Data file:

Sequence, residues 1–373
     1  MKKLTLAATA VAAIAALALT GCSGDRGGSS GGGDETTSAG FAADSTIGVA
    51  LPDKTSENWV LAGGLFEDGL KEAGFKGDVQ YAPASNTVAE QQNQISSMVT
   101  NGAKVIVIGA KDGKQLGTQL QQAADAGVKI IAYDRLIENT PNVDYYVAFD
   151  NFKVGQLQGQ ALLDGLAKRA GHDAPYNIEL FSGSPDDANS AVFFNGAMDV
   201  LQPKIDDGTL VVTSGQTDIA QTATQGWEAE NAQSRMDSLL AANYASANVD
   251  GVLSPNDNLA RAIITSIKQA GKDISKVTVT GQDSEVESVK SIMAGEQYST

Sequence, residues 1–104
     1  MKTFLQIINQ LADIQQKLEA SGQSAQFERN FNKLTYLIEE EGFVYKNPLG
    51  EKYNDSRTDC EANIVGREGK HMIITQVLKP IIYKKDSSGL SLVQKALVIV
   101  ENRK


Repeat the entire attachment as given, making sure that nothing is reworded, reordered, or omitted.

Sequence, residues 1–373
     1  MKKLTLAATA VAAIAALALT GCSGDRGGSS GGGDETTSAG FAADSTIGVA
    51  LPDKTSENWV LAGGLFEDGL KEAGFKGDVQ YAPASNTVAE QQNQISSMVT
   101  NGAKVIVIGA KDGKQLGTQL QQAADAGVKI IAYDRLIENT PNVDYYVAFD
   151  NFKVGQLQGQ ALLDGLAKRA GHDAPYNIEL FSGSPDDANS AVFFNGAMDV
   201  LQPKIDDGTL VVTSGQTDIA QTATQGWEAE NAQSRMDSLL AANYASANVD
   251  GVLSPNDNLA RAIITSIKQA GKDISKVTVT GQDSEVESVK SIMAGEQYST

Sequence, residues 1–104
     1  MKTFLQIINQ LADIQQKLEA SGQSAQFERN FNKLTYLIEE EGFVYKNPLG
    51  EKYNDSRTDC EANIVGREGK HMIITQVLKP IIYKKDSSGL SLVQKALVIV
   101  ENRK